The Night Before Christmas by Norman Rockwell
December 22, 1923 Issue of The Literary Digest
The Night Before Christmas, this Norman Rockwell painting, appeared on the cover of The Literary Digest published December 22, 1923.
Another commonly used title for this work is Santa Peering over Chair at Sleeping Child.
Norman Rockwell did extensive work for The Digest. This was his fifth cover illustration for The Digest in 1923. Starting in 1918 with the first cover, Boy Showing Off Badges to the last, this painting, The Literary Digest featured Rockwell artwork a total of forty-seven times over five years. Surely that was the record.
This Christmas 1923 cover, however, is the only one featuring Santa Claus.
The location of the original oil on canvas painting is not known.
This painting has also been reproduced in Norman Rockwell, A Definitive Catalogue by Laurie Norton Moffatt on page 62.
This illustration was also republished on the cover of the December 1946 issue of The Grade Teacher.
The Night Before Christmas
This was the last Norman Rockwell painting to appear on the cover of The Literary Digest.
The Night Before Christmas was only one of 47 Norman Rockwell Literary Digest covers; here is the list of more Norman Rockwell Literary Digest scans.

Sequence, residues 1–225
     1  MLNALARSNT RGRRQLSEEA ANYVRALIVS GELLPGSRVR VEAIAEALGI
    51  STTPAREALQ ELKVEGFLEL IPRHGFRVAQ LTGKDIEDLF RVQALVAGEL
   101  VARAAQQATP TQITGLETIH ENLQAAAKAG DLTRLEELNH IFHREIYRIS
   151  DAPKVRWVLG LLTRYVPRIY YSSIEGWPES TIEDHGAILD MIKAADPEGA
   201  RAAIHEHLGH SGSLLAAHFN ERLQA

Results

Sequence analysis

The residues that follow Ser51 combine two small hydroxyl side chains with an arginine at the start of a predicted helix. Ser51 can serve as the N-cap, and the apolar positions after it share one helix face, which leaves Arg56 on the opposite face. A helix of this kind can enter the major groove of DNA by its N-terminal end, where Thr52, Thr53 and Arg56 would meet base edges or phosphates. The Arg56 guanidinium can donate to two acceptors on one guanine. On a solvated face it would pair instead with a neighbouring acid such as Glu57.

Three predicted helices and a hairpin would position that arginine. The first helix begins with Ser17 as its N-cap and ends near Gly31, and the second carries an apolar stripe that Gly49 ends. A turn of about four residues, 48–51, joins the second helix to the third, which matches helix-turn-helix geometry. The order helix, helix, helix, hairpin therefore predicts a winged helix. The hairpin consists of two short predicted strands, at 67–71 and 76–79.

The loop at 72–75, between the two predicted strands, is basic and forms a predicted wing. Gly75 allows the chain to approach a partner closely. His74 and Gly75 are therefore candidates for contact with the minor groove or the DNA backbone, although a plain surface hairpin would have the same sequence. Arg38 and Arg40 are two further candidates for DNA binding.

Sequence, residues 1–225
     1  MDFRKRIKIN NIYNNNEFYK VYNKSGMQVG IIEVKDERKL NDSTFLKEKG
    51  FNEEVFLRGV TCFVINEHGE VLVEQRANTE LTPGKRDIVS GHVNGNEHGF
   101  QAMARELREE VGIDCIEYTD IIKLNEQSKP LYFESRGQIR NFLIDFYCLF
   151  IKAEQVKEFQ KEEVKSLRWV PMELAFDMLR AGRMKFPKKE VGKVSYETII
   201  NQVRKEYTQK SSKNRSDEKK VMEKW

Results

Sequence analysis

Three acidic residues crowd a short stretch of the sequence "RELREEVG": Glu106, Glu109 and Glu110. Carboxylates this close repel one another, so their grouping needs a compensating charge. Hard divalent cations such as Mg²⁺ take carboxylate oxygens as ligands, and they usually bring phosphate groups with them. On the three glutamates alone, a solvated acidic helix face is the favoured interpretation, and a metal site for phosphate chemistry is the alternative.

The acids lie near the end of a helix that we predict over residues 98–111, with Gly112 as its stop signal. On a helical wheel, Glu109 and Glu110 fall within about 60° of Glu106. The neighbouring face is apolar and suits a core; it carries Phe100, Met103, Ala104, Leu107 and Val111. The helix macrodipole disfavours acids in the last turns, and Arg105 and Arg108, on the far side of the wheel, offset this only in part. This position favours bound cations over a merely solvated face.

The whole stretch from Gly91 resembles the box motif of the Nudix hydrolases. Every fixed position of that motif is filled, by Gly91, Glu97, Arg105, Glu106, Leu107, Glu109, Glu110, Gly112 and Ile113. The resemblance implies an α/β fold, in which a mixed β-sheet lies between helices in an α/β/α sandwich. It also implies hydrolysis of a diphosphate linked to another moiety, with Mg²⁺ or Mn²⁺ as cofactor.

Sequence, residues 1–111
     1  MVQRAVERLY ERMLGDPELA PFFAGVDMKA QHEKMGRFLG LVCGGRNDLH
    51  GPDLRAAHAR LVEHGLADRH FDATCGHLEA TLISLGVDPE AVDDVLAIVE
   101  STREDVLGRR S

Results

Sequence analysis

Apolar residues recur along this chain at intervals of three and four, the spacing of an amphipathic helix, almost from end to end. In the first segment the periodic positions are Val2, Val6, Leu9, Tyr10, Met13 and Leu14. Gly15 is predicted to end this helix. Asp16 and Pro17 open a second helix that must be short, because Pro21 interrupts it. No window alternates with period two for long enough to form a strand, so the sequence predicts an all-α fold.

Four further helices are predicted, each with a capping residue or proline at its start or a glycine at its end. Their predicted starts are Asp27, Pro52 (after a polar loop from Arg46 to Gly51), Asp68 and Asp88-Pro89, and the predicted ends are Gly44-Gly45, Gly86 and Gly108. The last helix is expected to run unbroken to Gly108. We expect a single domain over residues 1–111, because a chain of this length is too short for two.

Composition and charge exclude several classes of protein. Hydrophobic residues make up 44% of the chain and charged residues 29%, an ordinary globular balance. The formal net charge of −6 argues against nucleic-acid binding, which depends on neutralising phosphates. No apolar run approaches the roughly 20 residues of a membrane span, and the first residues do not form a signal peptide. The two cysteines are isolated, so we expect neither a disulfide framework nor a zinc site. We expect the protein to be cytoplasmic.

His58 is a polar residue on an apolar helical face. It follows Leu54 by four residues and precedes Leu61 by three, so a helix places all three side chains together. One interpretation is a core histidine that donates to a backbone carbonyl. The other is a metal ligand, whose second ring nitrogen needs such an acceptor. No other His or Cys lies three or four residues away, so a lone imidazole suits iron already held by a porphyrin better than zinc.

Here is the complete list of all Norman Rockwell magazine covers.
The mischevious and yet still amused look on Santa's face really defines the picture. Even though the sleeping child in the foreground is the focus of the painting, Santa's presence here tells the whole story. The jolly elf has foiled yet another attempt to catch and spy him during his annual Christmas Eve giving spree.
Notice the warm glow from the candle, illuminating the child's face. The child asleep in her chair, attempting to wait up for Santa Claus's arrival, aptly conveys the innocent feelings this painting conjures. Who among us hasn't tried to spy Santa in the act?
But I wonder why the little dog is still asleep in the chair? Is Santa magic?
Norman Rockwell, America's favorite illustrator, was also a master storyteller. His wonderful use of emotion fills this painting. No wonder collectors still love his work decades after its creation.
Copyright © 1923 The Literay Digest and Funk & Wagnalls Company
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